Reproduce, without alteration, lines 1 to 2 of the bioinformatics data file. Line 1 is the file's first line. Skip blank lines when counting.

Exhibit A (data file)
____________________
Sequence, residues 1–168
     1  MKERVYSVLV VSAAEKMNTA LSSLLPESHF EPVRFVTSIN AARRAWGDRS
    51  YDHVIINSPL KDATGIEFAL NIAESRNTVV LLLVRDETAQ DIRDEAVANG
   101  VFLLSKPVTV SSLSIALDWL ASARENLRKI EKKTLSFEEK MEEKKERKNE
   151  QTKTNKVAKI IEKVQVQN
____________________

Sequence, residues 1–168
     1  MKERVYSVLV VSAAEKMNTA LSSLLPESHF EPVRFVTSIN AARRAWGDRS